Performa is considering itself as a “museum without walls”, exploring the history and future of live performance. Since its advent in 2004 by art historian RoseLee Goldberg, it has gone on to work with more than 700 artists and toured commissions across 20 countries. New York hosts the seventh edition of the Performa Biennial this November. Having succeeded in presenting the country’s first performance-based annual festival, the organisation has turned its attention towards increasing cross-disciplinary avenues. This year’s collaboration, entitled Circulations, brings together architects, artists, curators and theorists alongside its performers to consider the difficulties of urban life. Through live works and ongoing projects, the boundaries between construction and movement are broken down and alternative perceptions are offered.
The city is an integral part of the programmes as it provides the foundation on which the participants can interact. Commissioned works reveal the industry to be more than a product of the built environment. One ambitious development, for example, finally instigates The Environment-Bubble, the blue-prints for which were first proposed by François Dallegret in 1965. The Bubble, having been an enhancement of the ecological construction theories of Reyner Banham, became an infamous source of conceptual inspiration. Though these plans had never come into fruition, they proceeded generations by challenging the distinction between public and private. The envisioned large-occupancy, temporary space is now turned into an interactive site through a programme curated by American architect, François Perrin, and LA-based choreographer, Dimitri Chamblas.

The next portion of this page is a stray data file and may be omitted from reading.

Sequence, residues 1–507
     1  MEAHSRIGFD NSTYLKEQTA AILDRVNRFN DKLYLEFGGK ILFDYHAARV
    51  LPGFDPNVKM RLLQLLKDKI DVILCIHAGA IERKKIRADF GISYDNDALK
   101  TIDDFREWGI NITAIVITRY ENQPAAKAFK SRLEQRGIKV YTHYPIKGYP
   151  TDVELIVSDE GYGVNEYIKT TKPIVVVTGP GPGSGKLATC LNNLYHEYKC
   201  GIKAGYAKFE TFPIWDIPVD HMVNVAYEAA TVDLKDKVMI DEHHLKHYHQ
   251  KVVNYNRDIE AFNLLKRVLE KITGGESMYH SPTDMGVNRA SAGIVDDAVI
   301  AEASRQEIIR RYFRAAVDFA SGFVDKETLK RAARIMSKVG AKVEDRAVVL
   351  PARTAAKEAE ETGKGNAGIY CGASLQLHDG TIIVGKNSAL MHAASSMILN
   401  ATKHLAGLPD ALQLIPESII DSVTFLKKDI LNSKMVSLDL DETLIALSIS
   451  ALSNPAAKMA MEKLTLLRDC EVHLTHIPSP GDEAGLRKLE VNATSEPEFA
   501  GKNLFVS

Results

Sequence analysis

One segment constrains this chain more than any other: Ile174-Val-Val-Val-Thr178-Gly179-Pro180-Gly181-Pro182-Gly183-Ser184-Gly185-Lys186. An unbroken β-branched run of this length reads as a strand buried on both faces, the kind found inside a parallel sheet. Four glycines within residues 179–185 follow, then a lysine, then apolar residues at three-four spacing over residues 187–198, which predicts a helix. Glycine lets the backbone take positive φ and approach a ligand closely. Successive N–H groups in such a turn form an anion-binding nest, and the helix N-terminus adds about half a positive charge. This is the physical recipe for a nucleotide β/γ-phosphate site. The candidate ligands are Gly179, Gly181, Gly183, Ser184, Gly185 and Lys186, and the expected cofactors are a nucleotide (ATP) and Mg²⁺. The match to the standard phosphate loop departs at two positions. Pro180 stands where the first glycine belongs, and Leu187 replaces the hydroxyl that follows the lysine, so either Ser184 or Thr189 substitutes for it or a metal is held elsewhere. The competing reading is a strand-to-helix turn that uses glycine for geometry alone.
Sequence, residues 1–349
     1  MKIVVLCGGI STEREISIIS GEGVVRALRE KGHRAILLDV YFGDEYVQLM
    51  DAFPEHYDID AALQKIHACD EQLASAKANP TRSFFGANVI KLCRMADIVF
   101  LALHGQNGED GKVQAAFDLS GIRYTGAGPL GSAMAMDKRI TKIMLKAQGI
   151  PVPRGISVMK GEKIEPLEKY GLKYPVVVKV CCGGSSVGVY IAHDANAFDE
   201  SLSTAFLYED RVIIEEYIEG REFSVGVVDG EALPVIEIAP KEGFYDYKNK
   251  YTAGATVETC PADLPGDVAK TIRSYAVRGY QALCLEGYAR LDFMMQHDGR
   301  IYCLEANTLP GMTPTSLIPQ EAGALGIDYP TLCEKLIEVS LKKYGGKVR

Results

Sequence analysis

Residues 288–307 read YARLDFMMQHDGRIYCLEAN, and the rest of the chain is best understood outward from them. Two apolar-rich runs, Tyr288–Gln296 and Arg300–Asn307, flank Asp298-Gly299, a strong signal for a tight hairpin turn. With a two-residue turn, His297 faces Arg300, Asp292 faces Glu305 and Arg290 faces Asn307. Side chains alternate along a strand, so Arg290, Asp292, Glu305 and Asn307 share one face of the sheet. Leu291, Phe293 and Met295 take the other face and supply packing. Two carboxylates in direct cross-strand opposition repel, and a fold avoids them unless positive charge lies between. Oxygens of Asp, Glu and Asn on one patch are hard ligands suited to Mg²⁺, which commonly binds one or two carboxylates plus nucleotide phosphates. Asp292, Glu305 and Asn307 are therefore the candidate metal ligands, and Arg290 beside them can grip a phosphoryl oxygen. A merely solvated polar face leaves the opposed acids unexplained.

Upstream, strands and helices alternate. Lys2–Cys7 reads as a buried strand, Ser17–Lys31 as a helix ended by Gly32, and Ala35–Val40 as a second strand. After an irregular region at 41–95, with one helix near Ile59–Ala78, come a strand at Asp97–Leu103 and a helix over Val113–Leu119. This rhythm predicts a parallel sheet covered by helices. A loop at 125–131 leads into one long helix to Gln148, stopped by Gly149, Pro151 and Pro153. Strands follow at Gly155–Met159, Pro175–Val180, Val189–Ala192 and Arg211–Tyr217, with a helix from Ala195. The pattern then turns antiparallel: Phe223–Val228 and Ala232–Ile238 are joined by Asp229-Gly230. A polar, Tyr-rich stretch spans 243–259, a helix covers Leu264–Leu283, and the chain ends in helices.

Performa is committed to exposing how performance is a radical means of reassessing the use and aesthetics of architecture. There is a pervasive relationship between the work and the environment within which it is played out. By implementing an international gaze, the exhibited creations play with the conventions of traditional performance. Japanese-born dance Eiko Otake’s delicately crafted arrangements focus on a shared vulnerability. Her slow inflections gesture towards the economy of time that is greater than the individual. By using her own figure as her medium, the exhibitionist manoeuvres through the Metropolitan Museum of Art, interrogating the facets of the space as she goes.
The selected pieces investigate the relationship between movement and stagnation, history and modernity, and spatial freedom and objective boundaries. By offering an imaginative engagement with the agendas of both performance and architecture the event continues to establish a critical benchmark for its featured artists.
Performa 17 biennial runs 1-19 November, in various venues throughout New York. For more information: www.performa-arts.org
1. Alex Schweder & Ward Shelley, ReActor, OMI International Arts Center, 2016, Photo by Richard Barne.